Yesterday Opposition MPs shed crocodile tears about the need for a sovereign Parliament. They were under the misapprehension that Parliament has no proper role in the Brexit process. They seemed to think only unelected Judges could uphold the sovereignty of Parliament against a government determined to implement the wishes of the electors as expressed in the referendum.
Let me explain a few home truths to them. The first is we do not currently have a sovereign Parliament. That was the main point at issue in the referendum. All too many MPs in recent decades have voted away the powers of Westminster, passing authority on issue after issue to the EU. The public voted to reverse that. I have spoken out against the puppet Parliament we currently suffer from. All too many laws, budgets and policies are determined in Brussels in ways the UK Parliament cannot gainsay.
Any opposition there is to implementing the wishes of the people should properly concentrate on the Parliamentary process. It should not need to go to the courts. The courts themselves need to be careful not to think it is their job to set the Parliamentary agenda. If there was a big body of MPs who wanted to reverse the decision of the referendum and thwart the will of the people, there are ways they can seek to do so. The opposition parties have days allocated to their choice of business. They could use any one of those to hold a debate and a vote to prevent Brexit. They can use government debates on the EU which are available in abundance to make their case. They can make it during the various Statements the government issues. They can seek Urgent Questions on matters they rank as important. They can use their seats on the Brexit and European Affairs Committees to put their case. They can oppose the repeal of the 1972 European Communities Act when we get to it, when there will be government led votes which they can vote against.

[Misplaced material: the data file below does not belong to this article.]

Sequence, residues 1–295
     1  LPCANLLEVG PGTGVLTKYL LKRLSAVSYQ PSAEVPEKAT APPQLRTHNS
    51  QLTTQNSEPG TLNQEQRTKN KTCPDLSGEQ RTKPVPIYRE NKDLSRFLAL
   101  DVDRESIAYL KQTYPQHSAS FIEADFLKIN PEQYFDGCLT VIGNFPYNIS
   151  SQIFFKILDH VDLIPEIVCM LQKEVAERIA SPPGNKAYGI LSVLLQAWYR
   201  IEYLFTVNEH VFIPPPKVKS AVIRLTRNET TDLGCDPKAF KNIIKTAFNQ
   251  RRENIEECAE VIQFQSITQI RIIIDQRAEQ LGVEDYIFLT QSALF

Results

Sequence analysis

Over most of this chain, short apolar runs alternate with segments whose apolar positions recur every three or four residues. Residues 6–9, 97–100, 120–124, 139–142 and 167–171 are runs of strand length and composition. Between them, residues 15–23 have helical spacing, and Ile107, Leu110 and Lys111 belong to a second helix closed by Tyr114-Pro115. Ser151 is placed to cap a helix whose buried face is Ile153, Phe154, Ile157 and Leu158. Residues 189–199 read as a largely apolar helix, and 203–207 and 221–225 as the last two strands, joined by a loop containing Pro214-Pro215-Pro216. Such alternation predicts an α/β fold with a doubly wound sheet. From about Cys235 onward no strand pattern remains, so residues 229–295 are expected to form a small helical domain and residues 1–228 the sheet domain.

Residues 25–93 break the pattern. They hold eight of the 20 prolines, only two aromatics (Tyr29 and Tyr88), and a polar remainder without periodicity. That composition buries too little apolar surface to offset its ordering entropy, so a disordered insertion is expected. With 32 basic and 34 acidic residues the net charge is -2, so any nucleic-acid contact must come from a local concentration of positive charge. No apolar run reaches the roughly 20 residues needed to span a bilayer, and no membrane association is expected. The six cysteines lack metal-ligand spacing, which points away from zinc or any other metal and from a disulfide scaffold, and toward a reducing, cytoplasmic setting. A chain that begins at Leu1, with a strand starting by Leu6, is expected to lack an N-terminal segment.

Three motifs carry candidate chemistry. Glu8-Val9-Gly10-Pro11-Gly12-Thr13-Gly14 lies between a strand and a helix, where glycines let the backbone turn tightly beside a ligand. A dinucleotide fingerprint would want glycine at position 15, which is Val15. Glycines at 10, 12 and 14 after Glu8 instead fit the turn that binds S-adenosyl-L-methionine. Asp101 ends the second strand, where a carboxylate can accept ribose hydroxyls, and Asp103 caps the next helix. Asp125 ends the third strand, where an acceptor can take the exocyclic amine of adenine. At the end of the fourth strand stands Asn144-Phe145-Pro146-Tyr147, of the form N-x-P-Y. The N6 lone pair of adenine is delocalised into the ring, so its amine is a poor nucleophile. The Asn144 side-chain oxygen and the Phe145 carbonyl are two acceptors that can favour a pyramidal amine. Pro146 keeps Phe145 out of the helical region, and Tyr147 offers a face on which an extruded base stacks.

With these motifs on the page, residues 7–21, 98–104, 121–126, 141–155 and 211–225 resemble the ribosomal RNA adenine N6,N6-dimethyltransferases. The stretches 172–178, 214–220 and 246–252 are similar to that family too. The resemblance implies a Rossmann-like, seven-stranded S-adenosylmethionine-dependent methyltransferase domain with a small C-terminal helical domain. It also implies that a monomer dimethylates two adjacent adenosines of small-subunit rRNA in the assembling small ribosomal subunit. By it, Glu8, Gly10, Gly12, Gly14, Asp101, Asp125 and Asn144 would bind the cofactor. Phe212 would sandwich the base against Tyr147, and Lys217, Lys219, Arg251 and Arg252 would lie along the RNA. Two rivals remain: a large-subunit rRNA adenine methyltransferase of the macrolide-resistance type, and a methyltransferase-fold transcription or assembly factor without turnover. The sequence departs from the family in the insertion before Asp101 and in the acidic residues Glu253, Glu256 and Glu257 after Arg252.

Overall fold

The fact that they have chosen to do none of these things tells you that they rightly judge they must not been seen to deliberately seek to countermand the decision of the voters in the referendum. The Commons voted 6 to 1 in favour of a referendum, described as transferring the decision to the people by the government introducing the Bill. How can MPs who voted for the referendum go back on its central promise to let the people choose? Both the Remain and Leave campaigns in the referendum agreed the people would decide.
If only more of these Opposition MPs would grasp that we do not currently have a sovereign Parliament. What a cruel irony that some Members of Parliament pray in aid the idea of a sovereign Parliament, whilst doing all they can to stop one being recreated. At least the Supreme Court was right to tell the Scottish Parliament that our membership of the EU is a matter for the whole UK and for the UK Parliament. Scotland does not have a veto on this national decision.